Founded by the priest Kuya Shonin in 963, Rokuharamitsu-ji Temple sits at the edge of what was once Kyoto's largest graveyard, the Toribeno.
The Kannon hall and hondo of Rokuharamitsuji Temple.
Statue of Kannon outside Rokuharamitsuji Temple.
It is the 17th temple on the Saigoku Kannon pilgrimage, and its treasure house contains a number of priceless carvings from the Kamakura period, including one of Taira Kiyomori and a famous one of Kuya (903-972) with tiny Amida Buddhas parading from his mouth, each representing one of the six paramitas.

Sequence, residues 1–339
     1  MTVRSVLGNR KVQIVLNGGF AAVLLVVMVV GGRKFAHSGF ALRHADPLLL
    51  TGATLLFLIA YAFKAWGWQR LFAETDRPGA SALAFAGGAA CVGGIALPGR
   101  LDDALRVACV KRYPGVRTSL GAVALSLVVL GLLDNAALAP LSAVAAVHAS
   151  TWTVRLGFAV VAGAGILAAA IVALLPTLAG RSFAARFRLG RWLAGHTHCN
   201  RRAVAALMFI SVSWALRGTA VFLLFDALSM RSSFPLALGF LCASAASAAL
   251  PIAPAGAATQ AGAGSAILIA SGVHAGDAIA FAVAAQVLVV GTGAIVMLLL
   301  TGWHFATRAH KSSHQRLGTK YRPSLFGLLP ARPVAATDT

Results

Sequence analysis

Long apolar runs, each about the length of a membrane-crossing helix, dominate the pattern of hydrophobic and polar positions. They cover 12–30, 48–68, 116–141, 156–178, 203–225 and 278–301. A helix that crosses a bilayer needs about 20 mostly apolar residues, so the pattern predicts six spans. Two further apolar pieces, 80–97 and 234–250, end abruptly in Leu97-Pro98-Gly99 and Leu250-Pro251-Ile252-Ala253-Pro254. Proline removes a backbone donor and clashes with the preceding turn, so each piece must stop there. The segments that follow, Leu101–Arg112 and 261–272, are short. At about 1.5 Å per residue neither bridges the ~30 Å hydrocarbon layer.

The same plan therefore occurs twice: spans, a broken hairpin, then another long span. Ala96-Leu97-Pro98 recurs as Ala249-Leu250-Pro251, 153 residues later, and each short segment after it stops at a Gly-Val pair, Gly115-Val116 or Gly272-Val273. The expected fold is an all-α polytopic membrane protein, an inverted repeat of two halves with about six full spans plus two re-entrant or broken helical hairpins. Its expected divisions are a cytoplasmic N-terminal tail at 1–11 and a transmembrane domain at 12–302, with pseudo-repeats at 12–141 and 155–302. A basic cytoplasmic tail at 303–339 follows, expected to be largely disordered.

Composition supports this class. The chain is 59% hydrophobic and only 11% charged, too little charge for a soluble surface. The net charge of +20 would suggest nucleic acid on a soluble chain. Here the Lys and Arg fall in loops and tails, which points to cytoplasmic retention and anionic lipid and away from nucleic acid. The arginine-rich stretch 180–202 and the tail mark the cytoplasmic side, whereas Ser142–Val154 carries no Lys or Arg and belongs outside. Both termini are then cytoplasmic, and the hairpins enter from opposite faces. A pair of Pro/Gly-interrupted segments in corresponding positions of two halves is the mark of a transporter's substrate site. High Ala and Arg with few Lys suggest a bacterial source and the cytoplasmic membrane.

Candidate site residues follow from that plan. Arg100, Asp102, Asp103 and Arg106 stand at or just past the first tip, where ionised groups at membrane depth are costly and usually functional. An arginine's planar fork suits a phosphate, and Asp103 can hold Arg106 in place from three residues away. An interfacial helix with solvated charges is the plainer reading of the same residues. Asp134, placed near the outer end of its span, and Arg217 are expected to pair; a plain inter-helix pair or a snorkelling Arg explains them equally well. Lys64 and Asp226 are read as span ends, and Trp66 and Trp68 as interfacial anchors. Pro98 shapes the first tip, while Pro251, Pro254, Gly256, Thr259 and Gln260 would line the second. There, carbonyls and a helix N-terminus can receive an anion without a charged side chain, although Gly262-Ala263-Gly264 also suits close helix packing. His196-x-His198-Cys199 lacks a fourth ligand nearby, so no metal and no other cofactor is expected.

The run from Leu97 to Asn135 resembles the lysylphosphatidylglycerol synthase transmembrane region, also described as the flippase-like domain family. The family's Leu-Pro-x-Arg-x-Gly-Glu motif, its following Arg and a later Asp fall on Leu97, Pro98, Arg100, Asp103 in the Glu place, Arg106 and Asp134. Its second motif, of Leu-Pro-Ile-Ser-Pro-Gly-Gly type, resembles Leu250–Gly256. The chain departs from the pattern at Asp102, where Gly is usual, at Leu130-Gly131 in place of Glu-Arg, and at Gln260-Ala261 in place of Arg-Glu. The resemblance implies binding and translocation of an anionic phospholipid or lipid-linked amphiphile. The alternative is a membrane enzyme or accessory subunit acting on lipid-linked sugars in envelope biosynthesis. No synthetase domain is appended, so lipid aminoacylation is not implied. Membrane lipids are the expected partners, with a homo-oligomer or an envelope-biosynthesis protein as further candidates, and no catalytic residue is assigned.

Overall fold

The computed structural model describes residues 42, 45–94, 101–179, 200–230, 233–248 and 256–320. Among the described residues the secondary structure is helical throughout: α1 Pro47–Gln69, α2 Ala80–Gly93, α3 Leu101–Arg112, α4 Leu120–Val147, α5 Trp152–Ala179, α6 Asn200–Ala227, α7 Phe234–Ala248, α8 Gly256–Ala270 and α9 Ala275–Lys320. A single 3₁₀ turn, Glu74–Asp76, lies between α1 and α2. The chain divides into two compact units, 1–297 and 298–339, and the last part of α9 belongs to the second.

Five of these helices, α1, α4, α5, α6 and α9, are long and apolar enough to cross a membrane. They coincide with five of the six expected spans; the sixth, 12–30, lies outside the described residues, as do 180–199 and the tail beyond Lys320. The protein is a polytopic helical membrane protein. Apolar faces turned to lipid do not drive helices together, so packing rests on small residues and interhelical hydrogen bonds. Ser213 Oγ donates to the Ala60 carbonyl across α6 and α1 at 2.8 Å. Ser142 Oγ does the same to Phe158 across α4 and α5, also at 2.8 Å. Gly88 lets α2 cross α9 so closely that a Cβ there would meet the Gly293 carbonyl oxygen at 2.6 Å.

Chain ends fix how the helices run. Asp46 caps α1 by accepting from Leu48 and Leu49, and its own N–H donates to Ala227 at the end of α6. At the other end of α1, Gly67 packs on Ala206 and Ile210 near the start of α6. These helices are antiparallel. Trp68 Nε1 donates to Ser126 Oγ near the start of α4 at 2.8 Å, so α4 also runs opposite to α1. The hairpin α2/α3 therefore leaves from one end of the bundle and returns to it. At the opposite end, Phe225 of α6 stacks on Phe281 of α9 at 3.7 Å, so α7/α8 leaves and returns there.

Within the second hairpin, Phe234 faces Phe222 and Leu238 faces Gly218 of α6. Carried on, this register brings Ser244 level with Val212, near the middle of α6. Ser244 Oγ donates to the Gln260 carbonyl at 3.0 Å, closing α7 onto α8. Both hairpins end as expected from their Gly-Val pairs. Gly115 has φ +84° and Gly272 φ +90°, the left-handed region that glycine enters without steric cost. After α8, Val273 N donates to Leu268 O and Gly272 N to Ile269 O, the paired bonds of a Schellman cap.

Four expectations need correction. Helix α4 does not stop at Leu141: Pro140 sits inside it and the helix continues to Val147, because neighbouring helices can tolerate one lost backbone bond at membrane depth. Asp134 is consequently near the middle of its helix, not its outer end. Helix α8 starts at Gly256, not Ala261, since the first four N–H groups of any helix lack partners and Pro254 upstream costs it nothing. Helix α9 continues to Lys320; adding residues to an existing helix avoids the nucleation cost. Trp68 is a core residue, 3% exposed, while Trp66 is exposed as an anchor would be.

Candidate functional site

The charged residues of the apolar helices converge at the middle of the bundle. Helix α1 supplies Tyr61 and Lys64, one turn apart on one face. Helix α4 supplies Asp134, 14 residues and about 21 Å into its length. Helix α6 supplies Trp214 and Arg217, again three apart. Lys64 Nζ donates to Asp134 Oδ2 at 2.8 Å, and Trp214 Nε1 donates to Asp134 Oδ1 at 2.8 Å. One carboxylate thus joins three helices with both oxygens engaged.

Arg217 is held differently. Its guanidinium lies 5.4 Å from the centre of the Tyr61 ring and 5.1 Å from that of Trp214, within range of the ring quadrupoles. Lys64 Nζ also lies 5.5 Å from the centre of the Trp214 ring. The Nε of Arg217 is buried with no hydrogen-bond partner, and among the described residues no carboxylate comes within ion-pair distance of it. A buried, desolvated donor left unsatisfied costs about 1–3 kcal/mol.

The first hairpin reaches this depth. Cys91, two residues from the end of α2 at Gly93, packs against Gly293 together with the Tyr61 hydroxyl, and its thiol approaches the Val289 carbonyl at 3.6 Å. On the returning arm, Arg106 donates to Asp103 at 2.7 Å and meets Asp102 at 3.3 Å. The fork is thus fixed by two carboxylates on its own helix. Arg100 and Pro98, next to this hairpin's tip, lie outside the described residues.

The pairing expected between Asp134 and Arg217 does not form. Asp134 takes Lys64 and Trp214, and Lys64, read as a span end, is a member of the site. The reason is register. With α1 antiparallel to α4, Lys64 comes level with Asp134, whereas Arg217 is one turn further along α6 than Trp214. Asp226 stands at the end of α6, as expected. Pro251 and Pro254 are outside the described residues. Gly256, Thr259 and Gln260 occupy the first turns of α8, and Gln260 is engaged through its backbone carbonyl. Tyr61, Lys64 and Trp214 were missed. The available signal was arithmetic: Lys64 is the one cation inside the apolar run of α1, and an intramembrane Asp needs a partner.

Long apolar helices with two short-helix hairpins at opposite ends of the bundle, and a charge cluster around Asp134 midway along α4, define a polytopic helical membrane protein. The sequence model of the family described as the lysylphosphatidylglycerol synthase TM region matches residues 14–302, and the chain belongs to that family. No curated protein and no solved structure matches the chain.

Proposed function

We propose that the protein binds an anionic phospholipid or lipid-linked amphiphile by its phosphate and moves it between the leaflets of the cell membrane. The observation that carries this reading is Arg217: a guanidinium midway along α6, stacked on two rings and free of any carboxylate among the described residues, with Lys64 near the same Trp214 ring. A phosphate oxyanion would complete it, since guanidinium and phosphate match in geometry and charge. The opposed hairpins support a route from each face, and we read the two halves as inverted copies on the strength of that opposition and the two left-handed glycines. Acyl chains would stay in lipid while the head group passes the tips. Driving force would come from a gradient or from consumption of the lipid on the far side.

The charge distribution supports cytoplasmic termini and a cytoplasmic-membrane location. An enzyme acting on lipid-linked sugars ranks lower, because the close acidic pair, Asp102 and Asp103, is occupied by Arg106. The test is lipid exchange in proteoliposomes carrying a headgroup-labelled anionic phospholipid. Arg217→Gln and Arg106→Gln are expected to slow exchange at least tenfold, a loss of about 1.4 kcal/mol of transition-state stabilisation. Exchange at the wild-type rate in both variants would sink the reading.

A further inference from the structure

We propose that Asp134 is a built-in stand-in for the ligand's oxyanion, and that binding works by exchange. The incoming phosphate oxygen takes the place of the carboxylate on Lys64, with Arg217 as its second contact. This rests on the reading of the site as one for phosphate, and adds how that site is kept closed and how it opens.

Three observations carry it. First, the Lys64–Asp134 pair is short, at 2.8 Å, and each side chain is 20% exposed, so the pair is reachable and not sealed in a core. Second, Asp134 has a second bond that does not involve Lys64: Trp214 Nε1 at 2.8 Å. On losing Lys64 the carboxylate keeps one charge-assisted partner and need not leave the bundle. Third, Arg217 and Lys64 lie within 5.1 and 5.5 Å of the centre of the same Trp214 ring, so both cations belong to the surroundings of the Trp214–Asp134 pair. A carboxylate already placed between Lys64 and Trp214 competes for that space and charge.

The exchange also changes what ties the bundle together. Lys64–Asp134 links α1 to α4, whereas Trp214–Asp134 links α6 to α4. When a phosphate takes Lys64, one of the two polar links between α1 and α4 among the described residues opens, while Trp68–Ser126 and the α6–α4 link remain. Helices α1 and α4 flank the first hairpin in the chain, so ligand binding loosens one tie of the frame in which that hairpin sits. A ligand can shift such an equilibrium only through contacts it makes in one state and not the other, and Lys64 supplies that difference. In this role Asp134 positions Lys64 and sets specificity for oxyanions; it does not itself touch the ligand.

The temple belongs to the Chizen branch of the Shingon sect and its principal image is an eleven-faced Kannon.
Lantern in front of the hondo at Rokuharamitsuji Temple.
Lying just east of the Kamo river, Rokuhara was the headquarters of the Taira clan at the end of the Heian era. The clan chieftain, Taira Kiyomori, took vows and resided at Rokuharamitsuji Temple during the period in which he was at odds with Retired Emperor Go-Shirakawa. The story is told in The Tale of the Heike.
Courtyard in front of Rokuharamitsuji Temple.